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  • 07 Mar 2018 1:39 PM | Sonia Harvey (Administrator)

    The signing of a landmark sea boundary treaty between Australia and Timor-Leste is set to revive stalled discussions over the lucrative Sunrise gas project, but operator Woodside Petroleum immediately signalled that the tough work on agreeing how to develop the resource is still to come.

    Woodside said it is "disappointing" the conciliation process over boundaries and Sunrise failed to strike a deal on the development design after the treaty apparently ruled out its favoured option of a floating LNG plant.

    The treaty, signed in New York on Wednesday Australian time by senior ministers of the two nations, represents a major shake-up in the administration of oil and gas fields in the Timor Sea.

    It will do away with the long-standing Joint Petroleum Development Area, a region jointly administered between the two nations, shifting resources in that area wholly into Timor-Leste territory.

    But most significantly for Woodside, the terms of the deal only cover two onshore options – either Timor-Leste or Darwin – for processing the 5.13 trillion cubic feet of gas from the large Sunrise field. The venture, in which Shell and ConocoPhillips are major partners, also involves about 226 million barrels of oil-like condensates.

    The idea of offshore processing through a circa $US13 billion ($16.6 billion) floating LNG plant, the concept most recently favoured by Woodside, is not covered in the treaty nor in the Permanent Court of Arbitration's conciliation agreement. The treaty was agreed after a long-running dispute on sea boundaries between the two nations which forced the Sunrise partners to put their project on the back burner several years ago.

    Read more here.

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  • 07 Mar 2018 1:30 PM | Sonia Harvey (Administrator)

    Royal Dutch Shell Chief Executive Ben van Beurden said Wednesday that climate change is the biggest issue facing the energy sector, encouraging the European oil major to invest more in cleaner-burning gas and renewable energy.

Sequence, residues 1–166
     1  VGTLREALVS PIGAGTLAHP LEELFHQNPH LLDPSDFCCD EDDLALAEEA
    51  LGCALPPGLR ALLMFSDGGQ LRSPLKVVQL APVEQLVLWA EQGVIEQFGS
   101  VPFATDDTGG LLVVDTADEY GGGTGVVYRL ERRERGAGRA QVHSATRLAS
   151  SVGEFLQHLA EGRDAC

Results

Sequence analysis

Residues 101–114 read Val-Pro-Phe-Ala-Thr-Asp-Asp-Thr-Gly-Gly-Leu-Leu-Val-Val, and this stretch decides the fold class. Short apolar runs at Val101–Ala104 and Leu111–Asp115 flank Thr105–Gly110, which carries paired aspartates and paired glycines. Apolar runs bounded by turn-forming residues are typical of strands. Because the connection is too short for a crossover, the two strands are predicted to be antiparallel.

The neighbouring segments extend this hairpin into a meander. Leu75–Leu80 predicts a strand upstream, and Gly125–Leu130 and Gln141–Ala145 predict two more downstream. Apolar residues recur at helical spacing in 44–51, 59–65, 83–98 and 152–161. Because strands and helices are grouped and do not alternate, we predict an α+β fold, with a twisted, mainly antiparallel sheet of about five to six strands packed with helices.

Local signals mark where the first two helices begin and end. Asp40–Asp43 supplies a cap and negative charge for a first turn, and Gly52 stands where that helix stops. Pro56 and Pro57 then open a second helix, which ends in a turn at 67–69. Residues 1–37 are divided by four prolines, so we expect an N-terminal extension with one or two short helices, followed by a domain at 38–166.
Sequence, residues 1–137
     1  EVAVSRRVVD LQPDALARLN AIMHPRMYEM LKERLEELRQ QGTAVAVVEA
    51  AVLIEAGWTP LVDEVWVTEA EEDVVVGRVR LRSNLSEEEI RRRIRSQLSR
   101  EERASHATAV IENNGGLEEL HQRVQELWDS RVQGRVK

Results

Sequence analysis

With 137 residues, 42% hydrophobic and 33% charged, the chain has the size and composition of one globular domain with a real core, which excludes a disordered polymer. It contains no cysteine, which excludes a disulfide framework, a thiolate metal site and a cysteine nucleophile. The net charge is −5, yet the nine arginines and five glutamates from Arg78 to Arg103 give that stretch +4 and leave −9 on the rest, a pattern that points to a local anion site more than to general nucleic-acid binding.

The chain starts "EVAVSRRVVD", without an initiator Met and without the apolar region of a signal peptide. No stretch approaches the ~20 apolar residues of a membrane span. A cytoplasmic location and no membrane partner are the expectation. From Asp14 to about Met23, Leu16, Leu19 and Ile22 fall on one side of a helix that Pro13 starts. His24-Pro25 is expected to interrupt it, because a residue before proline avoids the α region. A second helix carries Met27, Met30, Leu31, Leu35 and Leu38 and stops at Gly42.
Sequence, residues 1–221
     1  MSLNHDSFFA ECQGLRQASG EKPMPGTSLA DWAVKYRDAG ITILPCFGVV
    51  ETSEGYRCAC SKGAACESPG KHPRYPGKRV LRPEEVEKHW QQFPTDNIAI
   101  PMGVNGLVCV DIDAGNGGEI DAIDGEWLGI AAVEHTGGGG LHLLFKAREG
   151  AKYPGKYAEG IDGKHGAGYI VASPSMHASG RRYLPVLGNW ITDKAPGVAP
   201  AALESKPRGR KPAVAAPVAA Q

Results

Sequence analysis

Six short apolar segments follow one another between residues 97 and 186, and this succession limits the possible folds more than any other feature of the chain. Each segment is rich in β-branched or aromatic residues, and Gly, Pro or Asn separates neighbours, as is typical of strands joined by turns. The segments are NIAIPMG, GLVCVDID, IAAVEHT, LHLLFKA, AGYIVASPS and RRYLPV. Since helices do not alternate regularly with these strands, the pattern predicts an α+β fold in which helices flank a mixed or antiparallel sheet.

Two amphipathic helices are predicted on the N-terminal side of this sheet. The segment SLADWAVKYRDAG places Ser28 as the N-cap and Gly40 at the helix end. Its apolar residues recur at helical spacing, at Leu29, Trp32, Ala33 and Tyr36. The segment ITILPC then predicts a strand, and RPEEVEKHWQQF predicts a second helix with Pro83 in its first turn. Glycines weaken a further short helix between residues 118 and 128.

Shell aims to cut its carbon footprint in half by 2050 while shifting its roughly 50-50 oil and gas balance to a portfolio that's closer to 70 percent gas, van Beurden said at the CERAWeek by IHS Markit conference in Houston. Shell already is the world's leader in liquefied natural gas.

    "There's no other issue with the potential to disrupt our industry on such a deep and fundamental level," van Beurden said of climate change and the need to help meet the Paris climate accord goals, even though the United States plans to split from the agreement under the Trump administration.

    The emphasis goes beyond making Shell's own operations cleaner and more efficient because most of the emissions come from Shell's products after they are sold. So Shell intends to invest more in offshore wind farms, biofuels, carbon capture projects and the planting of trees and forests.

    Read more here

  • 02 Mar 2018 2:07 PM | Sonia Harvey (Administrator)
  • 01 Mar 2018 2:14 PM | Sonia Harvey (Administrator)

    PCNT members held a special resolution meeting lat night prior to the February Industry dinner. Member unanimously agreed for an organisation name change to Energy Club NT to reflect the change in industry trends and language and also open the Club's remit to include alternative energy generation, transmission and supply.

    An exciting change for the new year with more details to be announced once the administration of changes has been approved.

  • 28 Feb 2018 1:50 PM | Sonia Harvey (Administrator)

    A SUBSEA well intervention at Northern Oil & Gas Australia’s Laminaria field is on track to be carried out in April or May this year, with contractor AGR close to completing a year’s worth of planning.